Two San Francisco restaurants requiring boosters to dine-in

Two San Francisco restaurants, Cassava and the Zuni Cafe, are among the first in the city to require proof of a booster for patrons dining inside. It was back in August that San Francisco became the first major city to restrict indoor dining to vaccinated patrons.

With the omicron variant on the rise in the Bay Area, the owners of Cassava in San Francisco’s Outer Richmond neighborhood were worried that the city’s indoor vaccine requirement wasn’t doing enough.

"We want to create a safe working environment for us," said Yuka Ioroi, co-owner of Cassava.

Ioroi polled customers online and she says those responding were overwhelmingly in favor of the booster requirement.

"Our clientele tend to be very safety forward, so I wasn’t really surprised," said Ioroi.

"I think it’s necessary at this point, at least for the protection of the staff," said patron, Stephen McNeil.

Cassava's staff are all now boosted against Covid-19, but the owners are still worried about the booster status of customers walking through their doors.

"Because this particular disease from the beginning is known to have you lose sense of taste and smell, which is detrimental for our careers," said Ioroi.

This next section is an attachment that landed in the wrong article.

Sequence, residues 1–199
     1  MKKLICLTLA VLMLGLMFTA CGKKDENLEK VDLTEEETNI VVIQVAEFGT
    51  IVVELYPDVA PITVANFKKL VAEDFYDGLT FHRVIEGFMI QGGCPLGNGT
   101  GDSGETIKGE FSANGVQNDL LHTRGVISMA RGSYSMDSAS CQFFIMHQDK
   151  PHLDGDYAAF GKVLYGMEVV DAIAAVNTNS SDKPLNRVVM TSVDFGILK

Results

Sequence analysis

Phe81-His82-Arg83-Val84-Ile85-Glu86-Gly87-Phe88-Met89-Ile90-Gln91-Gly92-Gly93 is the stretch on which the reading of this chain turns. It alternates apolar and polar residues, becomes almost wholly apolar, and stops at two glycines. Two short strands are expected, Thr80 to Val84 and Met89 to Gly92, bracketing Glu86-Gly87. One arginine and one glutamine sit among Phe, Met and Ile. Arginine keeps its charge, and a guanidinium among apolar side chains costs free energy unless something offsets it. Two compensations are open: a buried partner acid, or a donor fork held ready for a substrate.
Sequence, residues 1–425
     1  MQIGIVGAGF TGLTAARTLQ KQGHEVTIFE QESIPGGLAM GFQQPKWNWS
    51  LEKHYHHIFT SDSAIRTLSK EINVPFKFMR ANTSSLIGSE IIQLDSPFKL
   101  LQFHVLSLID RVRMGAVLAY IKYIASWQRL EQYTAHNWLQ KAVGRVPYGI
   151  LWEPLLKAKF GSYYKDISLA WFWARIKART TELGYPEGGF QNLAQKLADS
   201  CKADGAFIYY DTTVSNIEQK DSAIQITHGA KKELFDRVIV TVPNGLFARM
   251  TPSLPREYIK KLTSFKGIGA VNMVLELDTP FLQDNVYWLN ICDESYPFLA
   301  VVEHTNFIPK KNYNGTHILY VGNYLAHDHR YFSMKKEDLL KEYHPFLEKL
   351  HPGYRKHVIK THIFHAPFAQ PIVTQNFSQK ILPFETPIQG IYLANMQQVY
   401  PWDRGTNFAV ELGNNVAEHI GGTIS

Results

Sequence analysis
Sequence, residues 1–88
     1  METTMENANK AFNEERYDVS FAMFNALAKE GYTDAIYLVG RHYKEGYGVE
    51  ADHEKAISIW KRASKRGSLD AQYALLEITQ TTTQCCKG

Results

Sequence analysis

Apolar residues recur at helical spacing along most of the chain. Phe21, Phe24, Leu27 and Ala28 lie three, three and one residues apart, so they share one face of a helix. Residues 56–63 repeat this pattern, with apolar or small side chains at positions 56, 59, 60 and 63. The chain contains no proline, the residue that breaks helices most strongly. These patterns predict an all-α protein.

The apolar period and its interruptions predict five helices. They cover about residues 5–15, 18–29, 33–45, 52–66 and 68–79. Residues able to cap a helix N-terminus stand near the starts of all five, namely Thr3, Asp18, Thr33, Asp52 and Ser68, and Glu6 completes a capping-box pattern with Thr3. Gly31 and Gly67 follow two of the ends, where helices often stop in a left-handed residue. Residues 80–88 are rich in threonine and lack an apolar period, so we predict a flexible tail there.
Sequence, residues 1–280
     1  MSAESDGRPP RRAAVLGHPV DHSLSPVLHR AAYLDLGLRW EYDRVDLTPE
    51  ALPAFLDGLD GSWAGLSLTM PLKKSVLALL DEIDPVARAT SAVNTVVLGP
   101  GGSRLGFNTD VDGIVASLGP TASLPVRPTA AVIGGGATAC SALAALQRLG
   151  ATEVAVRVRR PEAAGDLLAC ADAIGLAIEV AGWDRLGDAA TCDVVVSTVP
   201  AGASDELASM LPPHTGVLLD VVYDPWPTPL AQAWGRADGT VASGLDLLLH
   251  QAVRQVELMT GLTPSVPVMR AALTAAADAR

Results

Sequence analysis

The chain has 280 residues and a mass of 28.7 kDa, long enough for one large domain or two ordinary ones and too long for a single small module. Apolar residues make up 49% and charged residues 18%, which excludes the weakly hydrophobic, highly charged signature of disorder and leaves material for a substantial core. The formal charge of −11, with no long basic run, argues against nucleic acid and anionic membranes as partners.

The SF Bar Owner's Alliance, which was among the first hospitality group in the Bay Area to call for a tightening of Covid-19 protocols, weighed in on boosters on Wednesday.

"We’re looking at all options. Everything is on the table to keep our customers and our staff safe," said Ben Bleiman, President of the SF Bar Owner's Alliance.

The Golden Gate Restaurant Association also released a statement Wednesday saying in part: "We recommend that restaurants require boosters of all employees as soon as possible." 

But the association's executive director, Laurie Thomas, stopped short of recommending the same requirement for indoor patrons. 

At last count only 49 percent of all vaccinated San Francisco residents have received the additional shot. Thomas said she was concerned that the additional booster requirement could have the effect of, "severely limiting the number of prospective customers."

But Chef Nate Norris of the Zuni Café in San Francisco had a decidedly different view. The upscale Hayes Valley eatery is planning to soon start requiring boosters for customers dining inside.

"We stand to lose way more business because we would have to shut the restaurant down because people are infected, or shut the restaurant down because there is a Covid surge in the community," said Norris.

Zuni Cafe says it plans to start implementing its booster requirement for indoor dining on Dec. 29.